YOU'RE NOT THE BOSS OFME: Education Commissioner Johnny Key says he need not answer public questions from Little Rock School District group, though he's serves as its school board under state law.
State Education Commissioner Johnny Key
has refused to meet with a Little Rock citizen's group that petitioned for a meeting as the law prescribes
for school boards.
Key said the law that provides for a petition to meet with a school board didn't apply to him, though he functions as the school board to which Little Rock School Superintendent Michael Poore
reports since the state Board of Education took over the school district for lagging test scores in six of 48 scores (one school is no longer judged in academic distress.)
In short: Key to LRSD: I don't answer to you. I just control you.
It was bad timing in that Key decided to hold a special election in March, rather than at a regular election last November, to commit Little Rock taxpayers to at least a half-billion in additional property taxes
to pay for school construction. Questions 1 and 2 for Key are whether he'll continue to support draining of LRSD students into more charter schools and whether he supports allowing use of taxpayer-improved buildings for private charter school operation. If charter schools are to proliferate as Key and his allies at the Walton Family Foundation desire, plus virtual schools and vouchers, there's not much point in taxpayers putting more of their money into schools they'll never again control. Let the Waltons pay for it.
Look next week for this: A big demonstration Wednesday at the Capitol on national "school choice" day by supporters of voucher, private and charter schools. I don't think many conventional public school students will be dragged out for the performance art. Rumors are circulating that the day will be used to drop legislation desired by the Walton Family Foundation-financed anti-public school lobby. It could be a broadening of school vouchers. It could be another attempt to legislate the ability of private takeover of the Little Rock School District. It could be symbolic passage of the legislation to allow Key to fire at will anybody in the Little Rock School District — no due process dismissal procedure — because it's in "academic distress." Whatever is planned, it will not be good for the Little Rock School District.
The law says the education commissioner assumes "all authority of the board of directors." But Key said the advice from his legal counsel — that is from lawyers that he employs, not exactly impartial lawyers — is that it would be "impractical" for the commissioner to assume all duties. Key suggested that it would be better to take questions and grievances to the powerless community advisory board he appointed.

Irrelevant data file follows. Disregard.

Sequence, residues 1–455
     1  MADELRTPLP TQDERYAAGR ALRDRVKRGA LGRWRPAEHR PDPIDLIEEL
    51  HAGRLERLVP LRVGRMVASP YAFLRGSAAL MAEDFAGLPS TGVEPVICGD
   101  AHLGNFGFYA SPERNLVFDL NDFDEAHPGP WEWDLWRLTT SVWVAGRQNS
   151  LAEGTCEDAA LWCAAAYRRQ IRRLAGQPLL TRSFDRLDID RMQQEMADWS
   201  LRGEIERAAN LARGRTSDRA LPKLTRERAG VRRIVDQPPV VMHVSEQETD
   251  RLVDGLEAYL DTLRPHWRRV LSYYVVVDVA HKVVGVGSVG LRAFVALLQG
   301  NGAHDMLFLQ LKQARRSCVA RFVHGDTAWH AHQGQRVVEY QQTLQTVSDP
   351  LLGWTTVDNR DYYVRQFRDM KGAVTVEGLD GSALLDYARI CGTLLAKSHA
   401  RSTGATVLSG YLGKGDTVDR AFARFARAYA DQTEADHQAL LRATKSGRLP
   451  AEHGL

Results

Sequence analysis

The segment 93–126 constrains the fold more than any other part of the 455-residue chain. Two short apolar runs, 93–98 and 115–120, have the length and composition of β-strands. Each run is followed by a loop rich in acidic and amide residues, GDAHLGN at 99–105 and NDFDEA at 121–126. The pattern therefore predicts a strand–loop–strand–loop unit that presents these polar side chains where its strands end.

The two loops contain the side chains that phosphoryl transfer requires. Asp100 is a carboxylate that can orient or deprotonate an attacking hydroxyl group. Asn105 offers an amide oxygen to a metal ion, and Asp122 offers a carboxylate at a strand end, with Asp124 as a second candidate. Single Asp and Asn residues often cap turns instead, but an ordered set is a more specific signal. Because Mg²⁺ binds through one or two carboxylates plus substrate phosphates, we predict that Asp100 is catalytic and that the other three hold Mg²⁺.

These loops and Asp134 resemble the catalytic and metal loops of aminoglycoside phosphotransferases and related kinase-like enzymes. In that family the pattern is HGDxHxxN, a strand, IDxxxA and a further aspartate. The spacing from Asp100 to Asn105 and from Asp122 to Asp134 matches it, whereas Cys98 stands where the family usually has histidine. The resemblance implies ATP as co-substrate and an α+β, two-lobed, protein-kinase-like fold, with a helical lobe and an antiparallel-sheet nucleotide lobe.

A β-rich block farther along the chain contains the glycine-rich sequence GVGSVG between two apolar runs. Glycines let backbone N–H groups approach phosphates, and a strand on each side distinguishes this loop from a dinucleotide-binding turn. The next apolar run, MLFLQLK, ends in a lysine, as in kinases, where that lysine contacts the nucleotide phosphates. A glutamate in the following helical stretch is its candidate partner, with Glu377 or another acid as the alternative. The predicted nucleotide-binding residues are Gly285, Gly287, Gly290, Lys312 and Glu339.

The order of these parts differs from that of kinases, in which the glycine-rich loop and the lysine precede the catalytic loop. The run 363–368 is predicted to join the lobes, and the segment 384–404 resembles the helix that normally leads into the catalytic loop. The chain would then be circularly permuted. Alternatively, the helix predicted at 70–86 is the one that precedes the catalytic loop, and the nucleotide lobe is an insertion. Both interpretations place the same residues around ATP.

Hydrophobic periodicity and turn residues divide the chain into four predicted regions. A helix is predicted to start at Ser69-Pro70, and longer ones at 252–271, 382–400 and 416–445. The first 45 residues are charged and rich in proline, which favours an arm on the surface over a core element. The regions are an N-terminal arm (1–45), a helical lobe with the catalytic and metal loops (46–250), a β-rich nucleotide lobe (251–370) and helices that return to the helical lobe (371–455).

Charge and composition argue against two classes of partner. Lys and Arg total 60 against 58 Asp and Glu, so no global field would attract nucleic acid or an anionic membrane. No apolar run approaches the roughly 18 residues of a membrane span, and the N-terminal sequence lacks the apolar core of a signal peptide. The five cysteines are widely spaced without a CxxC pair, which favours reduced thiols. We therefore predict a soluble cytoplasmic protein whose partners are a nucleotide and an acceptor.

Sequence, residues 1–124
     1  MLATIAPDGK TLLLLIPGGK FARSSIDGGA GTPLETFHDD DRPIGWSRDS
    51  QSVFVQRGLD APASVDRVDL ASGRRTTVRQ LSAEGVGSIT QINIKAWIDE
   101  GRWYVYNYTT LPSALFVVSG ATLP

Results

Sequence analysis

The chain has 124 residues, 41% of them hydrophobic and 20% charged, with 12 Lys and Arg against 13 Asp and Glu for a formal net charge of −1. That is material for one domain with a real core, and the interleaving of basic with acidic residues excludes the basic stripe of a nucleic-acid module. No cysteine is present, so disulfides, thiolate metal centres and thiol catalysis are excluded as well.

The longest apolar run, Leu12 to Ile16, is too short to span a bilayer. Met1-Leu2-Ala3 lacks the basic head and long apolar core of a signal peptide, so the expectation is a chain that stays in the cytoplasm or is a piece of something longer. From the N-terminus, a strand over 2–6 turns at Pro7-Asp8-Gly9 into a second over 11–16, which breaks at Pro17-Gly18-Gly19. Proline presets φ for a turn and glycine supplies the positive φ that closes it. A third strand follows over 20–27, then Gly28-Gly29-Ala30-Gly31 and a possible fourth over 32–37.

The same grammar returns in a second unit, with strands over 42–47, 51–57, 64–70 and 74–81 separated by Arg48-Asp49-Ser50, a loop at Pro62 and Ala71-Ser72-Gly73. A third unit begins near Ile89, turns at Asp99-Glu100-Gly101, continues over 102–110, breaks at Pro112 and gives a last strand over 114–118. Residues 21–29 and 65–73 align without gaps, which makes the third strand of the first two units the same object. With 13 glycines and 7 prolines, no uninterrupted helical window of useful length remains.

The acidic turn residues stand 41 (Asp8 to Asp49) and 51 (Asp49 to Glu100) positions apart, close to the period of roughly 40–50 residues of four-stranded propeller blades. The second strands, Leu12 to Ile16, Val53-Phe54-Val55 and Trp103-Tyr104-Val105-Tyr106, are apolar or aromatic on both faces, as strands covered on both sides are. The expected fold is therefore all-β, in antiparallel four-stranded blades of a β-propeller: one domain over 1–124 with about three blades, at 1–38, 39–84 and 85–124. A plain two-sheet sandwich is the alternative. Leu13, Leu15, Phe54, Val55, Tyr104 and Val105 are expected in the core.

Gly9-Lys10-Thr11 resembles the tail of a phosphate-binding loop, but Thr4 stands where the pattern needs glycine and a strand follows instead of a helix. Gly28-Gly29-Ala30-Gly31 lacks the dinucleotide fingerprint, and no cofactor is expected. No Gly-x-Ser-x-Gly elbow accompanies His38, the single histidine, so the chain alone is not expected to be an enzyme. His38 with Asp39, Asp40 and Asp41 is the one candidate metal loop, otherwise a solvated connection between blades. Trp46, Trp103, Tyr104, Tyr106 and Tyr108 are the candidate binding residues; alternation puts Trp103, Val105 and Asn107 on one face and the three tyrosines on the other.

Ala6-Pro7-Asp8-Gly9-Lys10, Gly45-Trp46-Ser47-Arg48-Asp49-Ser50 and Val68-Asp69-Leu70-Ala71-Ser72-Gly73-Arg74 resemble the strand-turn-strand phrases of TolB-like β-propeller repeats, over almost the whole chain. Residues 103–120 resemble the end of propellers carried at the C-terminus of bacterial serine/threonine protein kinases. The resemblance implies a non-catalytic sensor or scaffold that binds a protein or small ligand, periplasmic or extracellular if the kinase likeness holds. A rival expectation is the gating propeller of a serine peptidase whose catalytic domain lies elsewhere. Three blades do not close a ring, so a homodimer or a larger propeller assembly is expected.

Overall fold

Key's letter, addressed to Dr. Anika Whitfield, who led the petition effort, said he'd be willing to try to schedule an appointment to meet with her "individually."
DR. ANIKA WHITFIELD: Rebuffed on meeting request.
This is, simply, an outrage. The man in charge of the Little Rock School District isn't willing to face the public, take questions and talk about how he justifies decisions he makes that are educational life and death to parents, students, staff and taxpayers.
Here's key's letter to Anika Whitfield.
Whitfield responded to Key, saying she was surprised at Key's refusal to meet with the public., since he had not done so in a year.
Mr. Key, you have appointed a Superintendent of the LRSD twice without public weigh-in which is atypical of any Superintendent hiring in the LRSD and any other district for that matter.
Mr. Key, you have not shown up to any public forums that engage you with the community on public discussions about the state of the LRSD, yet you find time to make public appearances at community events where you are positioned to be present but not to engage in meaningful dialogue and discussion with the people.
We don't want a puppet as our leader. We don't want a dictator as our leader. We don't want someone who is not interested in serving all the constituents with which you have been appointed to serve.
She said she'd like to meet with Key, but would like Sen. Joyce Elliott, Wanda Hamilton and at least one parent from each school slated for clsoure to join in the meeting. she said:
In a democracy, the people rule, not the leaders. The AR Department of Education has been showing more and more signs of a direction that is less and less democratic.